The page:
This site is intended for health professionals only

At the heart of general practice since 1960

BMA calls for major rethink over GP consortia

By Ian Quinn

The BMA has called for the proposed GP commissioning consortia to be radically re-modelled to include a much broader range of clinicians.

Secondary care consultants and other clinicians must be given decision-making powers alongside GPs, it says, in its official response to the white paper consultation.

The association warns the proposals in their current form will not work because there is a lack of incentives to encourage greater co-operation between primary care and hospitals, as well as other services.

‘It is absolutely essential that all these expert clinicians play a central role in commissioning decisions and, as such, whilst GP-led, consortia must design local mechanisms that ensure consultants and other specialists are brought into the decision making process,' it says.

It accuses the white paper of being too focused on ramping up competition, rather than driving more integrated care for patients.

‘It is clear that real and meaningful clinical engagement in commissioning is crucial. However, there appear to be few incentives in the white paper to encourage such cooperation: indeed the emphasis and continuing and even widening the purchaser-provider split seems to actively discourage this.'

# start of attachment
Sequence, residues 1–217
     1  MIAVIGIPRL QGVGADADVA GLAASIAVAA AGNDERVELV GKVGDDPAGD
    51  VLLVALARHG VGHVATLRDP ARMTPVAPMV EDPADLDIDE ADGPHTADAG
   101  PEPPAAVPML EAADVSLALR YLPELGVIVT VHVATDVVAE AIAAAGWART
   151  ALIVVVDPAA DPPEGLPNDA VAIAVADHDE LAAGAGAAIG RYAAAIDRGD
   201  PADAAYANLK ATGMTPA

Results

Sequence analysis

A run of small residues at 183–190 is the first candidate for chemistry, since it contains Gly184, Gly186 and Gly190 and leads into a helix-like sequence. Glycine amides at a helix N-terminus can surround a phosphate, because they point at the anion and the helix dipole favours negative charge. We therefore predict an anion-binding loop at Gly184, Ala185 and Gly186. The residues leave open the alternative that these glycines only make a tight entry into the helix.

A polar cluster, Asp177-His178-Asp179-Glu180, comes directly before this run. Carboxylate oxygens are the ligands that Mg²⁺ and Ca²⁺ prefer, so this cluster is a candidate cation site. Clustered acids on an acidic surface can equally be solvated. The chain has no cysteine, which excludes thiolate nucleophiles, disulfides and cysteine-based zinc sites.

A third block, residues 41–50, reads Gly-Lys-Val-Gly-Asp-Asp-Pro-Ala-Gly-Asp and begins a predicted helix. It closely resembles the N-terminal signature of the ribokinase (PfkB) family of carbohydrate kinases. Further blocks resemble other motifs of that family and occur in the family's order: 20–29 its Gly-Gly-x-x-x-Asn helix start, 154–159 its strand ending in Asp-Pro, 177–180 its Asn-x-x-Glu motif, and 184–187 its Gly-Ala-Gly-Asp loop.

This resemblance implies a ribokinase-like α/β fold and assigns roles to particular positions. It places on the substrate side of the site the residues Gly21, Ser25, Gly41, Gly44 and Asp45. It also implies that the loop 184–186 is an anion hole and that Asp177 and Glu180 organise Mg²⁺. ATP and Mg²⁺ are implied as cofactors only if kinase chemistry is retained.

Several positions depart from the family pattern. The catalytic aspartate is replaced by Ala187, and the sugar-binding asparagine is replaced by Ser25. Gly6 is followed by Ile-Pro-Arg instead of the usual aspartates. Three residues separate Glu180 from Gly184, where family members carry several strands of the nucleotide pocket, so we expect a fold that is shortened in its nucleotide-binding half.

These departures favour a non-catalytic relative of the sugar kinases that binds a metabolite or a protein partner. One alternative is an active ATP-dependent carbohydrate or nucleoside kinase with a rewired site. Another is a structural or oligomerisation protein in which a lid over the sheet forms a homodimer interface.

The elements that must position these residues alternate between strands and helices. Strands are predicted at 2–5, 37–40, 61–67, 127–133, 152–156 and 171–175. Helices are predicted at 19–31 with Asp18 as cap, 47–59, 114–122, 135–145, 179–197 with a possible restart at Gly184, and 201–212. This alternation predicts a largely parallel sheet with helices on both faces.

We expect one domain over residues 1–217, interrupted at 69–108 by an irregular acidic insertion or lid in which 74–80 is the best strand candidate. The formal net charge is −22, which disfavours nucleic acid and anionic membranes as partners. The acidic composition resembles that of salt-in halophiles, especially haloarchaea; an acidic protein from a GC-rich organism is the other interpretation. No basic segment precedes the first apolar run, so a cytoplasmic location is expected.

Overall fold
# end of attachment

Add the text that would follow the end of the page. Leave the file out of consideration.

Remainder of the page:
The BMA warns that unless consortia are designed to include all types of clinicians in a clinical pathway, GPs may find themselves baring the brunt of patient anger over unpopular commissioning decisions.

‘It is possible some patients may view GP-led commissioning with suspicion. As such, it will be essential to develop and implement a system that maintains trusts and protect professional values. The system should be as transparent as possible and assure patients that their doctor is referring them to a particular provider purely because it will provide the best clinical outcome.'

Dr Richard Vautrey, GPC deputy chair, said the lack of plans for more integrated care in the white paper was ‘one of our fundamental concerns', although he admitted there would need to be a ‘common sense approach' to insure against potential conflict of interest in commissioning decisions.

BMA: calling for major changes to consortia plans BMA: calling for major changes to consortia plans

Rate this article 

Click to rate

  • 1 star out of 5
  • 2 stars out of 5
  • 3 stars out of 5
  • 4 stars out of 5
  • 5 stars out of 5

0 out of 5 stars

Have your say